Concerning the second part of your question, while many exonerations lead to identification of the true perpetrator, which helps bring closure and justice, we also understand that the exoneration process can be very painful to victims and survivors of the original crimes. The victims and survivors from these cases suffer deeply when wrongful convictions are discovered – from the knowledge that the real perpetrator was never apprehended or punished, from having to relive the trauma and pain of the crime committed against them, from losing faith in a system that they relied on to protect them and serve them justice, and from a profound sense of abandonment by the courts, justice officials, and even the public.
 
4.  Katie Monroe
 Thank you for your question and your work. The Innocence Project is an independent nonprofit organization that works to identify and free innocent people in prison based on DNA evidence. The Innocence Project also works with law enforcement ad others on policy improvements to increase accuracy and fairness in the criminal justice process. The Innocence Project works nationally. There are also many regional innocence organizations in states across the country. The Innocence Network is a coalition of these organizations, and the Innocence Project is a member of the Network.
 
 
Who is the best person to contact the victim initially? An advocate, the prosecutor?
 
1.  Karin Ho
 Given all that, most often it is a victim advocate who is best equipped to make that initial contact with a victim. A prosecutor, law enforcement officer or other system-based official can be key in sharing their perspectives and/or expertise in addition to a victim advocate. Also, if there is anyone who had a close working relationship and rapport with the family during the initial conviction, they may be the best person to reach out to them later when faced with a wrongful conviction.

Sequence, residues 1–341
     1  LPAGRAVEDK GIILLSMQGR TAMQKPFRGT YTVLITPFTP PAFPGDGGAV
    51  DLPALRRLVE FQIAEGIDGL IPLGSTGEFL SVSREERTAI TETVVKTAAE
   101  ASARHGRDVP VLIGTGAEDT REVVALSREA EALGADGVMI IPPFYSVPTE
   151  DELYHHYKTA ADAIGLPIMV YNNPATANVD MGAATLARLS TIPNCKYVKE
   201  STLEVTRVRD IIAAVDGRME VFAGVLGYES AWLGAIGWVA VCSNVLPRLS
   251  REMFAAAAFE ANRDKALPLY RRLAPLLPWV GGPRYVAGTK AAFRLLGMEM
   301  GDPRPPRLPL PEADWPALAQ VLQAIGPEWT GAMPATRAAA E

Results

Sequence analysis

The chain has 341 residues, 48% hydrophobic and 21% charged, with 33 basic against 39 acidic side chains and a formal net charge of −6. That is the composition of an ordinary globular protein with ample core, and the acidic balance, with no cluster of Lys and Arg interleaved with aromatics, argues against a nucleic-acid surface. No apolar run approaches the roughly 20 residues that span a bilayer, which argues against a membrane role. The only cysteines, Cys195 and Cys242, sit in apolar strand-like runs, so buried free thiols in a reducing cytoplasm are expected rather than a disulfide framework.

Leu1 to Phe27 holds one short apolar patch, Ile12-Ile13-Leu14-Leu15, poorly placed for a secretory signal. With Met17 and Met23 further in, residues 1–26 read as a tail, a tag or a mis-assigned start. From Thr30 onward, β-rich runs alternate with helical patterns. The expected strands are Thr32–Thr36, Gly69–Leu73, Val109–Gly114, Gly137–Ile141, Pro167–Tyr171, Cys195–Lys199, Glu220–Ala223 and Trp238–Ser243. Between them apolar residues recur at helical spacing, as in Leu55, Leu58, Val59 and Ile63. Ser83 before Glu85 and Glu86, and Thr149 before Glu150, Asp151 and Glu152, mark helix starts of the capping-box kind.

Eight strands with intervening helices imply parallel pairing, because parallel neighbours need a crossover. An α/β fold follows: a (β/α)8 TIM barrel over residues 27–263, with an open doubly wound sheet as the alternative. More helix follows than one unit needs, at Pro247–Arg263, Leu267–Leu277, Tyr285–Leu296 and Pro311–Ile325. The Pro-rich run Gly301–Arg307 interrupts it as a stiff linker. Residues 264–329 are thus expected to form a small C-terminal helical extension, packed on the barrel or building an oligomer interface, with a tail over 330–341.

2.  Karin Ho
 One of the most critical issues is that the victim is kept in the loop and informed, if they want, throughout the process. Depending on the state and/or jurisdiction, the specific person who initially reaches out may vary....but they should have facts about the wrongful conviction and the most current status possible to share with victims in a sensitive manner. Recognizing that they may be completely blind-siding them with the fact that the person they thought committed the crime has been or is potentially going to be found to have been wrongfully convicted.
 
 
Thank you for hosting this discussion. Your responses have been helpful. Also, the study that was released on victims' needs in wrongful convictions was very well done. I appreciate the amount of detail and depth of understanding presented in that study. Thanks, Kim
 
1.  Katie Monroe
 Thank you! It was an honor and a pleasure to be invited to participate.
 
2.  Karin Ho
 Thank you so much!!!